Set within Tolkien’s Universe, Ea, is the Earth, or to give it its Elvish name, Arda, meaning ‘The Realm’, and here again, we see the Christian roots of Tolkien’s imaginary world, since the English word, ‘Realm’, means ‘royal domain’ or ‘kingdom.’ This Elvish name given to Tolkien’s Earth therefore reinforces the spiritual message conveyed by that given to his Universe. As its Creator, Iluvatar is its rightful King, just as our own world belongs, by right, to Christ through whom “all things were made.” (John 1:3).
Unfortunately, of course, as we all know, Christ’s Kingship has been usurped by Satan, which is why the Bible describes our Enemy correctly as “the Prince of this world’, and Tolkien’s great epic about Middle Earth develops a similar theme.
Just as Satan’s oppressive rule and power ultimately lies behind all the evil and suffering we see around us, living as we do in an originally good but now spoiled creation, so in the Silmarillion, we see the same situation. Tolkien’s world of Arda is also, in the beginning, a beautiful planet, because it is created with love by the music of the Ainur, working in harmony with the great symphonic theme of Iluvatar, but it is then subsequently damaged – physically and morally - by the ugly music and power of Melkor. Not surprisingly, later in the Silmarillion, Melkor is renamed Mogoth by the Elves, meaning ‘the Black Enemy’ – and this again echoes the Bible since the word ‘Devil’ actually means ‘Adversary’ - the one who opposes God and therefore all His plans and children.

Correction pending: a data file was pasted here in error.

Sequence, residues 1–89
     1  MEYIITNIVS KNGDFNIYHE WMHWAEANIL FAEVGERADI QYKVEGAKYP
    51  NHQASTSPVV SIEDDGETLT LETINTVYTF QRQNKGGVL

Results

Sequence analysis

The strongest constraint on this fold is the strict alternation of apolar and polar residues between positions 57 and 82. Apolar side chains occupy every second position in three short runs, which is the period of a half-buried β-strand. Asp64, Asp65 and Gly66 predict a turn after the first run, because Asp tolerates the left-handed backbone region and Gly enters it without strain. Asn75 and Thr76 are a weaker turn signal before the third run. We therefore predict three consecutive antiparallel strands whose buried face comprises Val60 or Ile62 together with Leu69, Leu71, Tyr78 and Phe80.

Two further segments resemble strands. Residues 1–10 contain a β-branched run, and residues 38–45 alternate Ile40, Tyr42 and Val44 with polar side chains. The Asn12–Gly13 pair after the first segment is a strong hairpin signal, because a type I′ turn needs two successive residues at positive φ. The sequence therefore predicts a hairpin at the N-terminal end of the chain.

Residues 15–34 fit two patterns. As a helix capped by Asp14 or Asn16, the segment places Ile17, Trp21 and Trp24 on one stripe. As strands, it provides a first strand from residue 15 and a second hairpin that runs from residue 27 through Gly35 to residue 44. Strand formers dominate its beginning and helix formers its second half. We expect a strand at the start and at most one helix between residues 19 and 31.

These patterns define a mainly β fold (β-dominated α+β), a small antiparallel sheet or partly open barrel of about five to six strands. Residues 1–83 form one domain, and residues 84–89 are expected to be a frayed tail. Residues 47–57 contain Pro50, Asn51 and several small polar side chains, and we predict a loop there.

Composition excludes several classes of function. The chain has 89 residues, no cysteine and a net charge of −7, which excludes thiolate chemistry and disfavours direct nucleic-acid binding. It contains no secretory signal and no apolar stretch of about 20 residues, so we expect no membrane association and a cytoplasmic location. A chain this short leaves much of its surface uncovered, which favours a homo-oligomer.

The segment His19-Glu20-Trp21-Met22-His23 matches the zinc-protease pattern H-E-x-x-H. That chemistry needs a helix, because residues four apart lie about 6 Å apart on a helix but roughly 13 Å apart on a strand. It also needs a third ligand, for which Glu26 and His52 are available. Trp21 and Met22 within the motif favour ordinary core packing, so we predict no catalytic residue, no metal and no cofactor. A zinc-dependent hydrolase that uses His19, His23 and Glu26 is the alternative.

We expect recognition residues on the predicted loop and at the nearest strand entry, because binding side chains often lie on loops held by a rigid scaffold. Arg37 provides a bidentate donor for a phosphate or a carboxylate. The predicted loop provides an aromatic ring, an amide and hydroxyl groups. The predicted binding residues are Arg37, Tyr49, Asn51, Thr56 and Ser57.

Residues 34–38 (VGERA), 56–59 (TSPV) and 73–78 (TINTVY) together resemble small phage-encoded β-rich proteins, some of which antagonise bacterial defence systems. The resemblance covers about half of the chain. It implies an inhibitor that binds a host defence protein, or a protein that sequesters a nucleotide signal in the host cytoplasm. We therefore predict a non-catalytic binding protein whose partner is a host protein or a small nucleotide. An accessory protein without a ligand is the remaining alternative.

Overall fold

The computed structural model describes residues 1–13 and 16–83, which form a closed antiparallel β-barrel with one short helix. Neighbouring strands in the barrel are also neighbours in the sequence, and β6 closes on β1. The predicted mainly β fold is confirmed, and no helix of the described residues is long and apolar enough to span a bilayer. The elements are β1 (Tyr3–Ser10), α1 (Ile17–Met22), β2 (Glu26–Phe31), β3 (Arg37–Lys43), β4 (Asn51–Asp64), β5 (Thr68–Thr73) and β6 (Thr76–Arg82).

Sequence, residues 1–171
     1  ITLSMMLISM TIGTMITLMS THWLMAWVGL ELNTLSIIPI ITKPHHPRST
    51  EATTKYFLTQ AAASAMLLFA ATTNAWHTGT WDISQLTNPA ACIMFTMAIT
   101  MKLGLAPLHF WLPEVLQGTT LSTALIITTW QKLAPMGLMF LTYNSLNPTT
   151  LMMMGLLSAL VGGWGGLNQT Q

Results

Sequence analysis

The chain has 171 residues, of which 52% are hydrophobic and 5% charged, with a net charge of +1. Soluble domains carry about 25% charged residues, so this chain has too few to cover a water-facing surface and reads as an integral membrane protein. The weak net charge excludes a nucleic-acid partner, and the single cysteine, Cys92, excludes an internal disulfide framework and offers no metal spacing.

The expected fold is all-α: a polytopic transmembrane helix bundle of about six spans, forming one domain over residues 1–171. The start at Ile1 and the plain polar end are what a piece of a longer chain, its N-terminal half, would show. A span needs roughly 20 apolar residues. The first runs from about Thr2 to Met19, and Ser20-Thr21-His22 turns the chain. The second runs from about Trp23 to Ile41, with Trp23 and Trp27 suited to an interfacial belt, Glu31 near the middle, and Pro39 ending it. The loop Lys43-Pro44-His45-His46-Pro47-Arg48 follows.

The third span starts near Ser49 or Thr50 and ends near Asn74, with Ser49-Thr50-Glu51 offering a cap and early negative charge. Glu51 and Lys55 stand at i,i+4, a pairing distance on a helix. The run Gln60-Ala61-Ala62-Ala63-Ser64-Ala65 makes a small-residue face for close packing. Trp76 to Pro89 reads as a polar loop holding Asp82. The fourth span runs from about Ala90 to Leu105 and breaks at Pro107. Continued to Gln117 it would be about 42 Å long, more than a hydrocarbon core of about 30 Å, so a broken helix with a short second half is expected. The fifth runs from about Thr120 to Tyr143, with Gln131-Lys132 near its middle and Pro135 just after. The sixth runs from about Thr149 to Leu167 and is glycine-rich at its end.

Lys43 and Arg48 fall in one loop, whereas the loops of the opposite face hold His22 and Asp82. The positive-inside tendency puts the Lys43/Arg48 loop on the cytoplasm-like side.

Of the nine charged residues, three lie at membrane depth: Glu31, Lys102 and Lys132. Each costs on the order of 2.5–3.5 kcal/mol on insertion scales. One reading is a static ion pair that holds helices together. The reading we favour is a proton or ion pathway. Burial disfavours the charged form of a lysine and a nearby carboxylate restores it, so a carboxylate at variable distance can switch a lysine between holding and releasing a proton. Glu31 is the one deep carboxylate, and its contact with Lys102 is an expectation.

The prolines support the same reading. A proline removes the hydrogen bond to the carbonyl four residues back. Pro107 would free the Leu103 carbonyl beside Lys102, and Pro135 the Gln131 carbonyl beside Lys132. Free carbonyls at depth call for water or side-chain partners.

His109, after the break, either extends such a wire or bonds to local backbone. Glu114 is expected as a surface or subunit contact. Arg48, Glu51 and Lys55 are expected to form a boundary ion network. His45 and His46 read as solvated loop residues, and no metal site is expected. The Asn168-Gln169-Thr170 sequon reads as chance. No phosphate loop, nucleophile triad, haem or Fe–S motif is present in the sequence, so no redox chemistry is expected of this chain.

The struggle between Good and Evil
The main consequence of Melkor/Morgoth’s rebellion at the dawn of creation, as the story in the Silmarillion unfolds, is to initiate a titanic struggle for the control of Arda between him, the original and most powerful ‘Dark Lord’ of Tolkien’s fantasy world, and the rest of the Ainur, who remain faithful to Iluvatar, and exercise His delegated authority as the legitimate ruling ‘guardians’ or ‘powers’ of Arda, watching over the fate and lives of all the other living creatures. These ruling angelic beings, renamed the Valar by the Elves, meaning ‘the Powers of the World’, take shape as ‘gods’ and ‘goddesses’ in Arda, and dwell in Valinor, the ‘Blessed Realm’ – a distant, protected, and supremely beautiful ‘heavenly’ kingdom situated the other side of a great ocean, West’ of Middle Earth, but still part of the same planet of Arda.
The struggle against Evil in the Silmarillion, personified by Morgoth and the evil spirits and creatures who serve him, takes place during the ‘First Age’ of Middle Earth – the ‘Elder Days’ – and involves not only the Valar, but also Elves, Dwarves and Men, whose creation, first appearance, and interrelationships, forms a fascinating part of this first and little read portion of Tolkien’s great epic history of Middle Earth.
The corruption of the good
The brief but poignant explanation of the origin of Tolkien’s goblin figures, the Orcs, whocloom so large in the drama of the Lord of the Rings, is an equally fascinating little sectionvof the Silmarillion, because it further underlines the recurring theme introduced into Creation by the Fall - in Tolkien’s world, of Melkor/Morgoth - and in ours, of Lucifer/Satan. And that theme, of course, is the corruption of what was originally good, since nothing was evil in the beginning given that all forms of life were brought into existence by a Holy and Loving Creator God. The first Orcs were originally Elves, kidnapped, tortured, and remade by Morgoth.